“Students must prove they’re ready to teach before they graduate,” said Lambert, adding that all teacher preparation programs regularly open their records and reports to legitimate state and federal review agencies.
Teacher preparation programs prepare for comprehensive analyses and reviews by a variety of agencies and organizations. In Washington, the PESB reviews preparation programs every five years, and digs deep into college data to analyze results.
Lambert added that meaningful performance data about teacher education preparation in Washington is available to the public on individual college websites, and collectively on the PESB website.
Jim DePaepe, WACTE policy research analyst, said colleges collaborate closely with the state PESB to track graduates from university admission through their first job in a K-12 classroom. Colleges can measure how students are performing in school, how quickly they’re progressing, and whether they’re ready for student teaching.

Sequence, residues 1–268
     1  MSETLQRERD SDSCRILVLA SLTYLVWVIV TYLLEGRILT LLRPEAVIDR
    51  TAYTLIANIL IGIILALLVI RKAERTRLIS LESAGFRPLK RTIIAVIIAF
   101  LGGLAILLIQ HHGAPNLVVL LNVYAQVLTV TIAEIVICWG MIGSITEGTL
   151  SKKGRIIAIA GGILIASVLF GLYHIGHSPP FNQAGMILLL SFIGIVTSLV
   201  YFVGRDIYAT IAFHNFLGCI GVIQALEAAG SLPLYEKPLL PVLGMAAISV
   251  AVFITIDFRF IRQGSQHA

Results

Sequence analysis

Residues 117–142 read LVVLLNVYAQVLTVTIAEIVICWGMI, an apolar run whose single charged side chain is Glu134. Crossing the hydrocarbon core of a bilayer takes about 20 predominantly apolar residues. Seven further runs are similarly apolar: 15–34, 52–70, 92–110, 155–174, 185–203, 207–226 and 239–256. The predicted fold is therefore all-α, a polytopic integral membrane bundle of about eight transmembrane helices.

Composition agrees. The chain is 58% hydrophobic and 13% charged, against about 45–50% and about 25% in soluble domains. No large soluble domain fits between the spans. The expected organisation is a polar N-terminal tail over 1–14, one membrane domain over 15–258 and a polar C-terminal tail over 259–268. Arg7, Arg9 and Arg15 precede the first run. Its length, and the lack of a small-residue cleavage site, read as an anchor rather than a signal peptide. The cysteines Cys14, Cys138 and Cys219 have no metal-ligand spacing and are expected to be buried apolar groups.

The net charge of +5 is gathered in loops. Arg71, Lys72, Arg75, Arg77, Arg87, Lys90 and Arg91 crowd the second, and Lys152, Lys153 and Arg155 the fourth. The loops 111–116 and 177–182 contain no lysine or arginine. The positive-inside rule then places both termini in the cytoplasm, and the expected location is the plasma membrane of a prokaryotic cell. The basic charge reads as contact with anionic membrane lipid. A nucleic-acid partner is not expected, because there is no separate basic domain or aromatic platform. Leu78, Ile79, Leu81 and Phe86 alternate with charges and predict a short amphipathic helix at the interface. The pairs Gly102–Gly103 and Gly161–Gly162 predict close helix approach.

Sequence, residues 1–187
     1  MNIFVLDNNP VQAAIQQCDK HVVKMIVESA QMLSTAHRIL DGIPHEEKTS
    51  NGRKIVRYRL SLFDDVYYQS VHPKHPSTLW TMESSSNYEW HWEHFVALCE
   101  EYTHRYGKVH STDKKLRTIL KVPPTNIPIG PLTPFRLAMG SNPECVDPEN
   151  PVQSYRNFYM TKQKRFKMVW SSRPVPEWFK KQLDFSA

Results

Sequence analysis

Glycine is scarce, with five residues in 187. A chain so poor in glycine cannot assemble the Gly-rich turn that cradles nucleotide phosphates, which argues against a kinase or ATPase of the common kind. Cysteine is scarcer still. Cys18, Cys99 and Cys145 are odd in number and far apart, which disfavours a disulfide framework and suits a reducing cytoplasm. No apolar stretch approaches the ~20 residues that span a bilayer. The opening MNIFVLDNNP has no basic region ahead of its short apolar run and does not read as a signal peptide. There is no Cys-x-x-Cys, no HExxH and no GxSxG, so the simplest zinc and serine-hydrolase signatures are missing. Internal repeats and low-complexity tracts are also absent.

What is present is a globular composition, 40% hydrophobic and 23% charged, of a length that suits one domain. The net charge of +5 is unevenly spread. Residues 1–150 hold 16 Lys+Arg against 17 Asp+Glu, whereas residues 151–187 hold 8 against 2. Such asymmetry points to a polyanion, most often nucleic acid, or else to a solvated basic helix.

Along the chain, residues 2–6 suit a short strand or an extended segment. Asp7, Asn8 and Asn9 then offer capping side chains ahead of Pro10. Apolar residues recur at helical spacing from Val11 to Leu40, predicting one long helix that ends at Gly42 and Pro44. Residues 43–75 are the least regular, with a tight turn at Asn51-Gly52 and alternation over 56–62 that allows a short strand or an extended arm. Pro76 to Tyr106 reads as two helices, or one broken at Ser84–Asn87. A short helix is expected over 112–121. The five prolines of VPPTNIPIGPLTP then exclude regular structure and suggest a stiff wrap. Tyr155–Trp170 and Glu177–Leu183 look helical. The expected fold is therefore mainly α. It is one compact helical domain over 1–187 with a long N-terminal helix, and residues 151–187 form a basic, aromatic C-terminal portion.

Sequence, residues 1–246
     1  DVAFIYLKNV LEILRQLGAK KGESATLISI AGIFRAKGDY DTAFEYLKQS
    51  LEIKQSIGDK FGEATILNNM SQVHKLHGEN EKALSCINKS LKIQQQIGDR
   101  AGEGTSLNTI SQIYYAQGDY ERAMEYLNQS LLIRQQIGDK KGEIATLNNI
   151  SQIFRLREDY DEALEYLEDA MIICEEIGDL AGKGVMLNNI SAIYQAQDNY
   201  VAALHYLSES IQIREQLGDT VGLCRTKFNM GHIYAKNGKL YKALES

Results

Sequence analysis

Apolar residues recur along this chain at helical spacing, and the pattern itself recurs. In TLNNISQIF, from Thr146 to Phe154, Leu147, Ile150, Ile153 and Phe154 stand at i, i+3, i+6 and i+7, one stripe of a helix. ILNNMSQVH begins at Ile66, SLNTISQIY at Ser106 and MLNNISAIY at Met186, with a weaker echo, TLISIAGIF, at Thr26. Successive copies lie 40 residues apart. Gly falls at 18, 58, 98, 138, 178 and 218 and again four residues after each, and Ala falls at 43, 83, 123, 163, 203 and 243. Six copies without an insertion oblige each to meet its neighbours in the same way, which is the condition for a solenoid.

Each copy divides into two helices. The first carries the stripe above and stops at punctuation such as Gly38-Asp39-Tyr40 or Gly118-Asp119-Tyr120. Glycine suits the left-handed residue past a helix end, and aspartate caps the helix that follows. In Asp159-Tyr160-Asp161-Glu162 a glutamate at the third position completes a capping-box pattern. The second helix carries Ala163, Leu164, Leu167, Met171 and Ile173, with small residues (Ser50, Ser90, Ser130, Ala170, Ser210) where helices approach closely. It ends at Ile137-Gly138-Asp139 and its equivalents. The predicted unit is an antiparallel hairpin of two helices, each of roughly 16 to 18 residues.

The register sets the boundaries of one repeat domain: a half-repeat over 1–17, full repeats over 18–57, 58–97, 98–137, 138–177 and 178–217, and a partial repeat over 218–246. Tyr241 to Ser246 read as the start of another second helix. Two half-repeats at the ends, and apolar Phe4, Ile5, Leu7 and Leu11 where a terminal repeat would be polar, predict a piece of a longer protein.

“We’re now working on predictability models using data collected at pre-admission and continuing through performance in the classroom,” said DePaepe, director of the CWU Office of Research, Evaluation, and Assessment, who developed a comprehensive performance database for CWU that houses scores on 20,479 WEST-B and 6,297 WEST-E scores for 36 endorsements areas.
“It would be quicker and easier to just collect syllabi and course schedules, but comprehensive performance data does a better job of helping us understand what graduates know and are able to do—and that’s what counts,” said DePaepe.
Colleges of education also provide comprehensive data about teacher performance to the federal Department of Education for inclusion in the Integrated Postsecondary Education Data System. Many colleges also provide detailed data to recognized and accountable assessment agencies, including the National Council for Accreditation of Teacher EducationTeacher Education Accreditation Council, and American Association of Colleges for Teacher Education. Information within all of these agencies is open to public examination.

CWU considers future of chimps – Daily Record: Top Story

Central Washington University officials are meeting with community members to consider the future of the chimpanzees at the Chimpanzee and Hum…

via CWU considers future of chimps – Daily Record: Top Story.